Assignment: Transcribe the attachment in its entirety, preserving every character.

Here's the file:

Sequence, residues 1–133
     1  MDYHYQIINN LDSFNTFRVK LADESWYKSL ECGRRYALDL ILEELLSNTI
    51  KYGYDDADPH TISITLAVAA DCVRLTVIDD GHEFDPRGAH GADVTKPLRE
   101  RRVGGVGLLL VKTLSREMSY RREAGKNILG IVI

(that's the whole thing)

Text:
Sequence, residues 1–133
     1  MDYHYQIINN LDSFNTFRVK LADESWYKSL ECGRRYALDL ILEELLSNTI
    51  KYGYDDADPH TISITLAVAA DCVRLTVIDD GHEFDPRGAH GADVTKPLRE
   101  RRVGGVGLLL VKTLSREMSY RREAGKNILG IVI